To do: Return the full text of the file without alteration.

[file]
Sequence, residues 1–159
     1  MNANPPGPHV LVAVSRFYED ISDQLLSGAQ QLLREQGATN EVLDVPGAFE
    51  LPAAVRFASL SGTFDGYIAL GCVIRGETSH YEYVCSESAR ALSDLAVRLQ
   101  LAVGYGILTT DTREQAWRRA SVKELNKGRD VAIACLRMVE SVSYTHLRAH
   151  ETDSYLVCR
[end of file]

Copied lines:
Sequence, residues 1–159
     1  MNANPPGPHV LVAVSRFYED ISDQLLSGAQ QLLREQGATN EVLDVPGAFE
    51  LPAAVRFASL SGTFDGYIAL GCVIRGETSH YEYVCSESAR ALSDLAVRLQ
   101  LAVGYGILTT DTREQAWRRA SVKELNKGRD VAIACLRMVE SVSYTHLRAH
   151  ETDSYLVCR